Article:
Abstract
God’s creative act, if genuinely free, would ground the existence of creatures without necessitating them. Since God is perfectly responsive to reason, his freely creating requires that he have an adequate but non-coercive reason to create. A coercive reason for an act is one that outweighs the reasons for any alternative act, whereas an adequate reason is one that is not outweighed by the reasons in favor of any alternative act. How, in the absence of an offsetting reason not to create, is God’s adequate reason not also a coercive reason, i.e., one that would necessitate creation? Chapter 7 argues that God’s creating and God’s remaining within himself each have to be understood as determinate manners in which God may affirm his own unsurpassable goodness. Cantorian reflections are then deployed to explain how God’s extra, i.e., un-offset, reason to create does not give him more of a reason to create than to not create. Finally, God’s actual reason to create is identified.
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References found in this work BETA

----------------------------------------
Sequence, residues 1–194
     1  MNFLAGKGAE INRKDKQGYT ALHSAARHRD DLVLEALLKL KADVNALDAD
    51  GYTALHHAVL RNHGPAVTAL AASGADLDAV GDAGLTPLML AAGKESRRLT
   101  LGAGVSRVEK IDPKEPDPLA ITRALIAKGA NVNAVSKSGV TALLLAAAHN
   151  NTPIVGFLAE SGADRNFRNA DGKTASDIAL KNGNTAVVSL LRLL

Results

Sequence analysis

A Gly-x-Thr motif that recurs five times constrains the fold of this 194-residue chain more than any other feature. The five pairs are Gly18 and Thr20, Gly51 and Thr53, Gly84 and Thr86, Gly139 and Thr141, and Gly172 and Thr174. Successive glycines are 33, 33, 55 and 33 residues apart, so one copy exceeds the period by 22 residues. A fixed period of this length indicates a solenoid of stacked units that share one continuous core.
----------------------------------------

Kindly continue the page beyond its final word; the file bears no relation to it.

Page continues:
Metaphysical Rationalism.Shamik Dasgupta - 2016 - Noûs 50 (2):379-418.
Pre-Leibnizian Moral Necessity.Michael J. Murray - 2004 - The Leibniz Review 14:1-28.
Pre-Leibnizian Moral Necessity.Michael J. Murray - 2004 - The Leibniz Review 14:1-28.

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Citations of this work BETA

In Defence of No Best World.Daniel Rubio - 2020 - Australasian Journal of Philosophy (4):811-825.
On Necessary Gratuitous Evils.Michael James Almeida - 2020 - European Journal for Philosophy of Religion 12 (3):117-135.
God's Perfect Will: Remarks on Johnston and O'Connor.Kenneth L. Pearce - forthcoming - Oxford Studies in Philosophy of Religion.

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